|Formerly||Williams Research Corporation|
|Founder||Sam B. Williams|
Dr. Sam B. Williams worked at Chrysler on their automotive turbine systems, but always imagined a wider set of applications for the small gas turbine engine. He left Chrysler to form Williams Research Corporation in Birmingham, Michigan in 1954. In 1981, the company became Williams International. It has been building small turbofan engines since the 1950s for use in cruise missiles as well as target and reconnaissance drones.
Using the missile engines, Williams developed a series of personal VTOL flying craft, including a jet-powered belt in 1969, the Williams Aerial Systems Platform (WASP), also known as the "flying pulpit" in the 1970s, and the X-Jet, which was evaluated by the United States Army in the 1980s. The WASP platform was the only competitor to the Garrett STAMP in the United States Marine Corps STAMP (Small Tactical Aerial Mobility Platform) program of the early 1970s.
Also in the 1980s, Williams identified a need in the general aviation market for a small, light jet engine to power cost-effective personal and corporate jet aircraft. The company introduced the FJ44 engine, which in turn made possible the introduction of a number of small jet aircraft.
In 1992, NASA initiated its Advanced General Aviation Transport Experiments (AGATE) program to partner with manufacturers and help develop technologies that would revitalize the sagging general aviation industry. In 1996, Williams joined AGATE's General Aviation Propulsion program to develop a fuel-efficient turbofan engine that would be even smaller than the FJ44. The result was the FJX-2 engine. Williams then contracted with Burt Rutan's Scaled Composites to design and build the Williams V-Jet II, a Very Light Jet to use as a testbed and technology demonstrator to showcase the new engine. The aircraft and engine were debuted at the 1997 Oshkosh Airshow. The production version of the engine, the EJ22 flew on the prototype Eclipse 500 VLJ (which had evolved from the V-Jet II), but was subsequently replaced by a Pratt & Whitney engine.
|Model name||First flight||Number built||Type|
|Williams X-Jet||1980||3||Flying platform|
|Williams V-Jet II||1997||1||Twin jet engine monoplane business jet|
|Model name||Variant||US Military Designation (MIL-HDBK-1812)||Configuration||Power||First Flight||Used In|
|Williams WR1||WR1||regenerative free turbine turboshaft||75 shaft horsepower||1954|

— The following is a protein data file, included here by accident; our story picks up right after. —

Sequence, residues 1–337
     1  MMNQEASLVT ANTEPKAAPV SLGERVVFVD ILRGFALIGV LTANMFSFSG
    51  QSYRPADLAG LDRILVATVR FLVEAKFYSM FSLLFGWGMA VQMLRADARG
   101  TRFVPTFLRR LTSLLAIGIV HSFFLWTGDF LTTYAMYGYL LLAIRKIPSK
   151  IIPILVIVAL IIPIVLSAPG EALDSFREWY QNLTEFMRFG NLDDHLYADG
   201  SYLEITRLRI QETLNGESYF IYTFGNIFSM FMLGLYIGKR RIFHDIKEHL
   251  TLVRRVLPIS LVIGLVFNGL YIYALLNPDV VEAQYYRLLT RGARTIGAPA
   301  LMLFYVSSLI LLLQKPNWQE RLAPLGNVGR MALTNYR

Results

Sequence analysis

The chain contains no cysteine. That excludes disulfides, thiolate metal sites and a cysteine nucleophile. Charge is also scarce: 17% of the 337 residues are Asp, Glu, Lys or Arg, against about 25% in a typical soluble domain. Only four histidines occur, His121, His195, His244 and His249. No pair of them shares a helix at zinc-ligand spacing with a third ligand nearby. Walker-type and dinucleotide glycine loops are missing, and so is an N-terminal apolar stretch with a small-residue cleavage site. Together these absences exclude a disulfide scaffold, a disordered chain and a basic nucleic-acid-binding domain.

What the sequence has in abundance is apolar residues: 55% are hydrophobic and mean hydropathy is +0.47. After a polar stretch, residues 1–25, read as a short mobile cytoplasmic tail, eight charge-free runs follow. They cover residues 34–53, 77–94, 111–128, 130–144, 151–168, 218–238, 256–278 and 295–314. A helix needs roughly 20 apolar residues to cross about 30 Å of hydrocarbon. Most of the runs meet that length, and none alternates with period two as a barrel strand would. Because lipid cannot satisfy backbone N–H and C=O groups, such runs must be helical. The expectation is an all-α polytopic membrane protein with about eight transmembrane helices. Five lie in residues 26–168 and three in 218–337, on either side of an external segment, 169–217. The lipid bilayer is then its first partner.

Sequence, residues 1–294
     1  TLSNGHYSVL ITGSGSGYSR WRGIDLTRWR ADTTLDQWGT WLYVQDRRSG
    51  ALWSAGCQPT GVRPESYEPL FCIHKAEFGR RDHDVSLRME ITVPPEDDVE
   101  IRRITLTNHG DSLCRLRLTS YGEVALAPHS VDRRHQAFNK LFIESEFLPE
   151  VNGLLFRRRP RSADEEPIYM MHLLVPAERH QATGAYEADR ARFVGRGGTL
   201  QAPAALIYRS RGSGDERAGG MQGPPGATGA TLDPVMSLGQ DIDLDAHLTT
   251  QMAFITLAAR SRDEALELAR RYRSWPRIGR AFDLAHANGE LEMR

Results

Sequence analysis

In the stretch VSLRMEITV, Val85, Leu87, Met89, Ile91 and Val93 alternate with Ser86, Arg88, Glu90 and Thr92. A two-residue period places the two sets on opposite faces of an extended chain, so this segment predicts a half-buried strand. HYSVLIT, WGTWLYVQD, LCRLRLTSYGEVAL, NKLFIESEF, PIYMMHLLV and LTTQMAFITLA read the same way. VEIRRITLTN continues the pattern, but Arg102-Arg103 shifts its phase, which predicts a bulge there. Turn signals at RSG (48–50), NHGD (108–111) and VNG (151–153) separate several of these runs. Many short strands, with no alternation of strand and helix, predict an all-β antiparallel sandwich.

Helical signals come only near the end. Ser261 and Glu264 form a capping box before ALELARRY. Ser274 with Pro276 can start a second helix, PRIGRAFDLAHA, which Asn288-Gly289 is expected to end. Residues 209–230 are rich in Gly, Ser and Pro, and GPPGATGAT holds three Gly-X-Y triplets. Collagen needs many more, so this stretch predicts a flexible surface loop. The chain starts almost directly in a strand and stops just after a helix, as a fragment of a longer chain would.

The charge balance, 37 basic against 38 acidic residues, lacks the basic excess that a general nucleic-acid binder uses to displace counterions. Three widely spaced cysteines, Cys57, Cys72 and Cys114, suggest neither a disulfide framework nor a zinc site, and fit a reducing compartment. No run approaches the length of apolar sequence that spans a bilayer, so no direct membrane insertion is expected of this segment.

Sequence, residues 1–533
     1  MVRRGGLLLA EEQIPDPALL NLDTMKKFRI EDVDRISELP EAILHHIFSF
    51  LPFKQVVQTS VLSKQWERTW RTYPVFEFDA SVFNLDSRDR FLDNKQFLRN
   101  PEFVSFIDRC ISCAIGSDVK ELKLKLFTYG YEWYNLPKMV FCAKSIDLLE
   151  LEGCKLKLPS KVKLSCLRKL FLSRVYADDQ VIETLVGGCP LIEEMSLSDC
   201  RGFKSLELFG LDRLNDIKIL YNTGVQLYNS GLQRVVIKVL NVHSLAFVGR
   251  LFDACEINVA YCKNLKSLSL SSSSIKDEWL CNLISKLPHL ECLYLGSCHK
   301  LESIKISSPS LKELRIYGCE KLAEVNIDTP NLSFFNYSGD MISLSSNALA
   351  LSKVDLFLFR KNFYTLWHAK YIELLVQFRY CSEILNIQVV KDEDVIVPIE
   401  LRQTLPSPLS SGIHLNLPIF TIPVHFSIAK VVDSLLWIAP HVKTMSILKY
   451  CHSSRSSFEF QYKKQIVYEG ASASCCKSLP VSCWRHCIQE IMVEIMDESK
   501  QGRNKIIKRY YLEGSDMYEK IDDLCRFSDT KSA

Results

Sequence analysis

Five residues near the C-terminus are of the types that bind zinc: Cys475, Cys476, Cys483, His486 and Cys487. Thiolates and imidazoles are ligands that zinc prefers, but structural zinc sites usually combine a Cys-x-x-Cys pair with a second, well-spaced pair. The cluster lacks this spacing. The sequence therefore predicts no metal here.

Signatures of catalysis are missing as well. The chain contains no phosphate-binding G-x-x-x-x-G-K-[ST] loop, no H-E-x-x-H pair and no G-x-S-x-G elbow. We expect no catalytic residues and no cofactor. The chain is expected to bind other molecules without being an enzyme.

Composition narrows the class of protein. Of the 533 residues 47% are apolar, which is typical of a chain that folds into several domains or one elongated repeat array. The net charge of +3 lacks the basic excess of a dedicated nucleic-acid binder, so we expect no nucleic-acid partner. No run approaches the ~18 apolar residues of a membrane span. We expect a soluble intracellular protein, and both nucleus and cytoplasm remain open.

|Williams Jet No. 1||single-shaft, centrifugal/centrifugal-axial flow turbojet||60 lbf||1957|
|Williams J400||WR2||single-shaft, centrifugal/centrifugal-axial flow turbojet||125 lbf||1960||Canadair CL-89,|
|Williams J400||WR24||J400-WR||single-shaft, centrifugal/centrifugal-axial flow turbojet||240 lbf||Northrop MQM/BQM-74 Chukar|
|Williams F107||WR19||F107-WR||Turbofan||430 lbf||AGM-86, BGM-109|
|Williams F122||WR19||F122-WR||twin-shaft, axial-centrifugal-flow turbofan||900 lbf||AGM-137|
|Williams F112||F112-WR||twin-spool counter rotating turbofan||732 lbf||1985(?)||X-36, X-50, AGM-129|
|Williams EJ22||3-spool medium-bypass ratio turbofan||770 lbf||2000(?)||Eclipse 500 VLJ|
|Williams FJ33||Turbofan||1,846 lbf||1998(?)||Cirrus Vision SF50|
|Williams FJ44||WR44||F129-WR||Turbofan||1,900 lbf||July 12, 1988|
|Williams F121||WR36||F121-WR||1 stage axial fan, 6-stage axial compressor, single spool turbofan||70 lbf||July 30, 1984||AGM-136 Tacit Rainbow|
- "Sam Williams to Receive NBAA Meritorious Service Award; Skip Reed to Receive Doswell Award". Archived from the original on 2007-01-03. Retrieved 2006-12-13.
- Richard A. Leyes and William A. Fleming, The History of North American Small Gas Turbine Aircraft Engines, p. 385
- Williams WASP II
- Kocivar, Ben. "Turbofan-powered flying carpet" Popular Science, September 1982. Accessed: September 2014.
- Noland, David (November 2005). "The Little Engine That Couldn't". Air & Space. Retrieved 14 September 2021.
- Wahl, Paul (April 1974). "Jet Flight With No Wings". Popular Science. pp. 88–89 and 152.